Sunday, 20 February 2011

Anal/yse: Godard's Weekend

Jean-Luc Godard’s Weekend (1967)

This is not only a film found on a scrap-heap, but we might say a film found on a dung-heap, considering its relentlessly ‘excremental vision’, a veritable scatological apocalypse. This is a ‘shit film’, quite literally as we will see.

The obvious reference is to Georges Bataille, the image ‘anal/yse’ appears before Corinne’s monologue – fantasy or nightmare or reality – of scenes which deliberately mimic the anal eroticism of Bataille’s 1928 novel Story of the Eye (which makes it to wikipedia’s cultural references for the novel), and we could also add the more esoteric reference that ‘Emily Brönte’ appears as a character in the film and in one of the ‘case studies’ in Bataille’s Literature and Evil is dedicated to her work. But, at the most general level, Godard adopts Bataille’s ‘heterological’ vision he articulated in the 1920s and 1930s of ‘an irruption of excremental forces’ (1985: 92) that void value. The revolution, for Bataille erupts from the ‘materialist bowels of proletarians’ (1985: 35), while class struggle, for Bataille and Godard, is an excremental apocalypse in which everything turns to shit.[1] Here the excremental is revolutionary, the apocalyptic crisis of the bourgeois order, although Godard casts this in the satirical form of cannibal revolutionaries, producing one last ingestion of the bourgeois order and voiding we don’t know what.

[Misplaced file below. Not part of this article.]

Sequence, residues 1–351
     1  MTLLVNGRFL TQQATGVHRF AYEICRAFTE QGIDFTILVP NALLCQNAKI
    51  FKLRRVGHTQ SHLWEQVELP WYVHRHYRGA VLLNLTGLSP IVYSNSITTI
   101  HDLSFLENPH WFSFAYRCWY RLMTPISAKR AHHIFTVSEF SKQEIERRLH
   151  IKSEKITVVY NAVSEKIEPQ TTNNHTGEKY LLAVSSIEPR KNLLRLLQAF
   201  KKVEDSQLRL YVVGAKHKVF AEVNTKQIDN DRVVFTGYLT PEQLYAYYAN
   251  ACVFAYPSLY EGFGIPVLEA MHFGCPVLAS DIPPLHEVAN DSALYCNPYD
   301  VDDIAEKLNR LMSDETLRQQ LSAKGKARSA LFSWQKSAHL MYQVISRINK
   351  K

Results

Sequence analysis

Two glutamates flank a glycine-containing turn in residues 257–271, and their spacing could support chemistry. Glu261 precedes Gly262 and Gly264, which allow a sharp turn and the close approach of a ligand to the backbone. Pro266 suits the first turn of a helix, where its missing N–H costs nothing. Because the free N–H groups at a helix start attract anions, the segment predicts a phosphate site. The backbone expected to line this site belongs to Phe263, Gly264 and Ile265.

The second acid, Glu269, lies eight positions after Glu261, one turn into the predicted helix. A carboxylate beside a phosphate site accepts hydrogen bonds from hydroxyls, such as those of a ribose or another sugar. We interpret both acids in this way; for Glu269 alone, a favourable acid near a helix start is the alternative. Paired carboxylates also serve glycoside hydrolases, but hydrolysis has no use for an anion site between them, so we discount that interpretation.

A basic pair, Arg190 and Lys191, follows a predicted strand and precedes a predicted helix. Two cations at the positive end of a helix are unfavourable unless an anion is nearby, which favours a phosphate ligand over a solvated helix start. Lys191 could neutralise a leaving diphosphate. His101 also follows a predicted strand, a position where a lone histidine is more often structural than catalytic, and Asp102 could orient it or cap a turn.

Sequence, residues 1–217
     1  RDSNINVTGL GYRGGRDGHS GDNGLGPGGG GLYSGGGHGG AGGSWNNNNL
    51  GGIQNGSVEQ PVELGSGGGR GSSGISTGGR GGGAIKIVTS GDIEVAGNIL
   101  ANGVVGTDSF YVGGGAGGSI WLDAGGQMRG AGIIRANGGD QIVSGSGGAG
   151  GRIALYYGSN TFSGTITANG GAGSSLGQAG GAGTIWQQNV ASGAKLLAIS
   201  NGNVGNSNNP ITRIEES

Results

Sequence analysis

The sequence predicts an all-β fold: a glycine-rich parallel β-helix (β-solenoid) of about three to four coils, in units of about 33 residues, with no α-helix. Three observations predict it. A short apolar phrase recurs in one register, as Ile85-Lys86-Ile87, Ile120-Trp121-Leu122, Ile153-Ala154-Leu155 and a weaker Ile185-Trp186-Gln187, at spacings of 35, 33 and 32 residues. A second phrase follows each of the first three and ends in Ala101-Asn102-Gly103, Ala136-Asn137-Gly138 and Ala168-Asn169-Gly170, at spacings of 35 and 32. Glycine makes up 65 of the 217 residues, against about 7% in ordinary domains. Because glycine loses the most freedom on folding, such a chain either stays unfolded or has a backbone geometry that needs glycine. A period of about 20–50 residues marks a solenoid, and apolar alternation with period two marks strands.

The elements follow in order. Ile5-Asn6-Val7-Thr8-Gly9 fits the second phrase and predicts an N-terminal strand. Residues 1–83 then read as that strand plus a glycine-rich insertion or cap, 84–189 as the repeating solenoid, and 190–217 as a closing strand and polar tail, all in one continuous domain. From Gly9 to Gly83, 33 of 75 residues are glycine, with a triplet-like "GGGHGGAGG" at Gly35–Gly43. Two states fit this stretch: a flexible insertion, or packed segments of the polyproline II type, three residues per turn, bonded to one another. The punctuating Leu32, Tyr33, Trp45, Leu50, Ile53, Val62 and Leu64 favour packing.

In fact, as Godard’s film registers, this ‘excremental vision’ is, however, split: we have the revolutionary anality of Bataille, in which the heterological forces open a re-enchantment and re-sacralisation of reality, but also the anality of capitalist production, with its cycles of digestion and voiding in ‘creative destruction’.

Norman O. Brown’s Life Against Death (1959) analyses this split vision. First, we have Jonathan Swift’s ‘excremental vision’ that reveals the anality of culture and the psyche, and Swift’s Menippean satire seems an obvious antecedent of Godard. In Brown’s words, ‘for Swift [scatological imagery] ... becomes the decisive weapon in his assault on the pretensions, the pride, even the self-respect of mankind.’ (1977: 179) And yet the revelation by Swift of the excremental core that wrecks human dignity is also the historical revelation of the anal economy of capitalism itself, as Eli Zaretsky notes: ‘Capitalism at root, Brown argued, was socially organized anality: beneath the pseudo-individuated genitality of early modern society, its driving force was literally the love of shit’ (2003), and the chapter on Weekend in the discussion between Kaja Silverman and Harun Farocki on Godard is titled ‘Anal Capitalism’ (1998: 85-142).